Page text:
However, while training and skill-building are foundational, they are not enough. Placement into good jobs—my third P—is a critical component of effective workforce development, especially for those currently unemployed. Recent work by Federal Reserve economists highlights some of the hurdles to job placement that will need to be overcome. This research leveraged the New York Fed’s Survey of Consumer Expectations to examine how people find work.8 The difference between those looking for work while employed versus those who are unemployed is stark. Relative to the unemployed, employed workers spend less time searching for jobs but have three times higher contact rates and two times as many job offers. Furthermore, workers hired from another job do better than those who are unemployed, receiving 28 percent higher wages and twice the level of benefits. While we have always known how difficult it is for recent high school or college graduates to find their first job, it seems that those currently unemployed face an even greater hurdle, and this is an issue that we need to address.

Another finding from this work is the importance of networking and references for those seeking employment. Referrals accounted for 40 percent of total job offers, and while 60 percent of all job applications were the result of job board searches, these accounted for only 24 percent of offers. This all suggests that workforce development providers need to build relationships and trust with employers as a way to help their job-seekers find available opportunities and successfully apply for them.

Having covered the three P’s, I’d like to now focus briefly on the “and then some,” which refers to addressing a number of social and structural factors that work against even the best workforce development efforts.

In my travels throughout the region and my interactions with workers, business leaders, workforce development practitioners, and others, I regularly hear how access to transportation and childcare are preventing able and willing workers from actually working. People’s inability to get to jobs relatively far from where they live—either because they can’t afford a car or there is no viable and reliable public transportation. This is a challenge we are seeing both in sparsely populated areas, like the North Country, and in cities, where jobs may be available in the surrounding suburbs and exurbs with no easy public access. With regard to childcare, cost and access are what we hear most as hindering people’s ability to fill jobs. And, even for those who can afford childcare, irregular scheduling by employers makes it very difficult to plan effectively. Additional adverse factors include a decline in geographic mobility—that is, people’s ability or willingness to relocate to where the jobs are—and the opioid epidemic, which Chair Yellen recently spoke about as having a significant negative impact on our workforce.9

While I am not an expert on these subjects, I can say that the inefficiencies these impediments create are keeping us from realizing our full potential individually and as a country, and that addressing them as part of a comprehensive workforce development solution is essential.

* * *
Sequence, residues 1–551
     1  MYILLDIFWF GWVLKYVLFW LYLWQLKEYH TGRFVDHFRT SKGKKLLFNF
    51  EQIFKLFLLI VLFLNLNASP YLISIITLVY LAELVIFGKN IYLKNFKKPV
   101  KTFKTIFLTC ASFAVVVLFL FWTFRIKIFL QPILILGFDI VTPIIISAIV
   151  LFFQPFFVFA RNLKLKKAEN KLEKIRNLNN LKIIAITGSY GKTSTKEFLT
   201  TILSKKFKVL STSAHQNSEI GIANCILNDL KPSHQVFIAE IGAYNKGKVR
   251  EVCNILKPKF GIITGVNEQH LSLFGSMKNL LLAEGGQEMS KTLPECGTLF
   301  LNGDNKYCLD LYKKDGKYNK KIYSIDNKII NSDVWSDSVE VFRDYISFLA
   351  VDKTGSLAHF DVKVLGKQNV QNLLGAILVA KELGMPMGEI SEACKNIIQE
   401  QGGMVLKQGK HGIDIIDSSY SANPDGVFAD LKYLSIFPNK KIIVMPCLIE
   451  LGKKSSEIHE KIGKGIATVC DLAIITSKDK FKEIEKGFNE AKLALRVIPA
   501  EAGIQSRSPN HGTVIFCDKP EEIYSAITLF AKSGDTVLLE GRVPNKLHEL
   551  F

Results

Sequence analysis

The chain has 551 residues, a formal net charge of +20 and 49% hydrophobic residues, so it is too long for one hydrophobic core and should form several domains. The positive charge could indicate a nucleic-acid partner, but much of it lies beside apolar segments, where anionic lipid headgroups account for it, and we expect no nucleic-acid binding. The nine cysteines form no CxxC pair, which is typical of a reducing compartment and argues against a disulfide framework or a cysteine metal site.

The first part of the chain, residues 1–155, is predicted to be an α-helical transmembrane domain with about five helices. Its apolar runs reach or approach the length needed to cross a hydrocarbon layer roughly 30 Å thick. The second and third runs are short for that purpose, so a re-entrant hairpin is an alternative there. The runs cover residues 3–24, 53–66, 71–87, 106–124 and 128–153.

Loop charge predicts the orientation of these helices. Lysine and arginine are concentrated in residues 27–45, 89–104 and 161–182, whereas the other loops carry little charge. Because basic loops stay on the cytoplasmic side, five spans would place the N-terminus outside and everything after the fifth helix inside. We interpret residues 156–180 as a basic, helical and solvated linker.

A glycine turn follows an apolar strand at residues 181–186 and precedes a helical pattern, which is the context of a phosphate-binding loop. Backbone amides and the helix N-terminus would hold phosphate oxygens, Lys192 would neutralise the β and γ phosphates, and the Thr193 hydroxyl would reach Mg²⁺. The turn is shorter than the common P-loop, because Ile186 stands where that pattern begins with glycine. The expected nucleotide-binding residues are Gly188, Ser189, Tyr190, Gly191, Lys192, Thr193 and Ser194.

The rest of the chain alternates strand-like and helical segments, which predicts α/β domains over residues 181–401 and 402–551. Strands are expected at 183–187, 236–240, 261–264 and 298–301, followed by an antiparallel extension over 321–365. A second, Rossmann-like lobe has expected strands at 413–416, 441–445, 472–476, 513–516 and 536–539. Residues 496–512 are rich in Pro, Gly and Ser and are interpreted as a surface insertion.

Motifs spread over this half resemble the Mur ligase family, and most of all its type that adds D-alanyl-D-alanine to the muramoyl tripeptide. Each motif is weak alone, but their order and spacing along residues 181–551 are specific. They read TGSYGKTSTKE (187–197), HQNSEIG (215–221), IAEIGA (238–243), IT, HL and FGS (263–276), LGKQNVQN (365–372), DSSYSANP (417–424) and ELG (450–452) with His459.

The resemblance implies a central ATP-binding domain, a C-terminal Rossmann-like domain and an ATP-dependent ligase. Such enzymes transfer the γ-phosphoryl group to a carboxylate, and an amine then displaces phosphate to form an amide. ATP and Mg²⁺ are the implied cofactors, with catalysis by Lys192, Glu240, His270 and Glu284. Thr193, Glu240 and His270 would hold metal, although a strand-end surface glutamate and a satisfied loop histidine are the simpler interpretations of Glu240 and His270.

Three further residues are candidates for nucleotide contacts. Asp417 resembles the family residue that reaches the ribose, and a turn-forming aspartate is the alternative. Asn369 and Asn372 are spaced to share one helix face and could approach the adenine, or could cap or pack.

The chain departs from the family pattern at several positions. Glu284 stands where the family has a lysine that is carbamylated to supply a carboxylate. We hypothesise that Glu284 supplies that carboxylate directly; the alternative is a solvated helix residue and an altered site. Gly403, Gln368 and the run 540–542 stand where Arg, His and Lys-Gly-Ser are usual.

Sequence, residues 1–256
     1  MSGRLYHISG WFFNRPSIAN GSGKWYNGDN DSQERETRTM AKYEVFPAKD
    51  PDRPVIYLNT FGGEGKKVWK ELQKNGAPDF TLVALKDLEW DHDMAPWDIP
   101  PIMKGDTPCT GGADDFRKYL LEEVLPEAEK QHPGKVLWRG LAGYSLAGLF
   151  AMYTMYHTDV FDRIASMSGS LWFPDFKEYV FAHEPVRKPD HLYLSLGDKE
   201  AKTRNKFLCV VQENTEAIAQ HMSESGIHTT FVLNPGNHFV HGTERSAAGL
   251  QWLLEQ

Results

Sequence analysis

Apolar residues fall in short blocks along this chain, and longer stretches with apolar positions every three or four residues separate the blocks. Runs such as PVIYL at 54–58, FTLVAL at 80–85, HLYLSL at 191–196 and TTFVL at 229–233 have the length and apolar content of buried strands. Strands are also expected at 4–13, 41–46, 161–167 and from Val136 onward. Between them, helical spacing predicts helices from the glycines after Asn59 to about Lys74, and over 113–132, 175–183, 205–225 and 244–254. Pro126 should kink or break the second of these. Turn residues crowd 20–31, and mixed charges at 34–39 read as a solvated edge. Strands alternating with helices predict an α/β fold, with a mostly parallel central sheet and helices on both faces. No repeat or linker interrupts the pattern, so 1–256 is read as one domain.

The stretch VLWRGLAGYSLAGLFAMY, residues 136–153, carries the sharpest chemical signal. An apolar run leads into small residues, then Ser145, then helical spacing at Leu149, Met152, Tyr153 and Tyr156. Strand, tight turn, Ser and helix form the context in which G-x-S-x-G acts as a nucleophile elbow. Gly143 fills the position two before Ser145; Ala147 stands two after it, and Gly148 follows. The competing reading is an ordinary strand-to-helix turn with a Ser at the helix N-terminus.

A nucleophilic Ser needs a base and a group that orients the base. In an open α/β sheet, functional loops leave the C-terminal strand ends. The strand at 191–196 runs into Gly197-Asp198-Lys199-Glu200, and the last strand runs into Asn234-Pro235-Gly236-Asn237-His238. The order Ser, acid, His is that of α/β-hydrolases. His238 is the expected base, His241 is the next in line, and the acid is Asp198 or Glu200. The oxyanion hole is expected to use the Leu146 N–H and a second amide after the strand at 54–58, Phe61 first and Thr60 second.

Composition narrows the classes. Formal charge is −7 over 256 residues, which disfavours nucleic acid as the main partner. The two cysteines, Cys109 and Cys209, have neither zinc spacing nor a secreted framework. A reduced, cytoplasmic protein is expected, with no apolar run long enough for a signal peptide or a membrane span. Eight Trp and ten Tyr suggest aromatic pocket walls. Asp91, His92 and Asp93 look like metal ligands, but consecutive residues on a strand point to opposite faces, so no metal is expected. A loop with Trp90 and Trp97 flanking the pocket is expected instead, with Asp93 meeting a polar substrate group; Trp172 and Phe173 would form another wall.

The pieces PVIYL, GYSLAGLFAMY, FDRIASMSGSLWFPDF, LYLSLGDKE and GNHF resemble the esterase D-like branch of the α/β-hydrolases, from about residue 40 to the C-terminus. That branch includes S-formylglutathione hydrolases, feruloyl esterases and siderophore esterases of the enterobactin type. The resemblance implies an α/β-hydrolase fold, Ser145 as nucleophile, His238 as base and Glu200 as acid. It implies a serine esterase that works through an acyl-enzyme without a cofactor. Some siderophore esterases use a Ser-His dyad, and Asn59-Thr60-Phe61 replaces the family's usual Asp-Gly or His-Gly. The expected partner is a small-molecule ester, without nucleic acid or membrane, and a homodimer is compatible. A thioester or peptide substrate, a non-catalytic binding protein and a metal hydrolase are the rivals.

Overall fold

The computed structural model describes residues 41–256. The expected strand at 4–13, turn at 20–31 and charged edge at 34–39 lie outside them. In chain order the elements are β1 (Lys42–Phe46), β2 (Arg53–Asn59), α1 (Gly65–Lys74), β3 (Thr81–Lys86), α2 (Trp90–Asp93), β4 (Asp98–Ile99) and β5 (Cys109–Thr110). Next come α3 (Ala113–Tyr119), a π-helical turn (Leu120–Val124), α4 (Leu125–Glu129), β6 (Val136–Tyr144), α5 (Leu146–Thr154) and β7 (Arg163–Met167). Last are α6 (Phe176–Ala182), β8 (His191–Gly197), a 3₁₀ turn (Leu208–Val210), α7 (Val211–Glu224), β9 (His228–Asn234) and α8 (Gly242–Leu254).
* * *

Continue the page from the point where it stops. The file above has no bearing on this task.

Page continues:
I would like to conclude by saying that Syracuse, as well as Upstate New York more generally, has been dealing head-on with the consequences of economic change for a long time. Perhaps because of this, the region has developed a deep understanding of the importance of helping its people adapt through workforce development programs. The issue of workforce development is a complex one that requires a holistic approach and close collaboration among all interested parties. The good news is that many great organizations in the area are trying different approaches to discover what works best. Our region is in many ways leading the way, and we at the New York Fed will continue to support these efforts.

Thank you for your kind attention. I would now be happy to take a few questions.

1 Jaison Abel, Jason Bram, Gerard Dages, Tony Davis, Richard Deitz, Jack Gutt, and Anand Marri assisted in preparing these remarks.

2 See William C. Dudley, Workforce Development and Reinvention in the Rochester Economy, August 12, 2015.

3 See William C. Dudley, Benefits and Challenges from Globalization, May 11, 2017.

4 P-TECH stands for Pathways in Technology Early College High School.

5 Some of these institutions include the John J. Heldrich Center for Workforce Development at Rutgers University, the Ray Marshall Center for the Study of Human Resources at the University of Texas at Austin, and the W.E. Upjohn Institute for Employment Research.

6 Work Train is a program of the CenterState Corporation for Economic Opportunity.

7 How CNY Works, Onondaga Citizens League, 2017.

8 R. Jason Faberman, Andreas I. Mueller, Ayşegül Şahin, Rachel Schuh, and Giorgio Topa, How Do People Find Jobs?, Federal Reserve Bank of New York Liberty Street Economics (blog), April 5, 2017.

9 Smialek, J. (2017, July 13). Yellen Says Opioid Use Is Tied to Declining Labor Participation. Bloomberg News.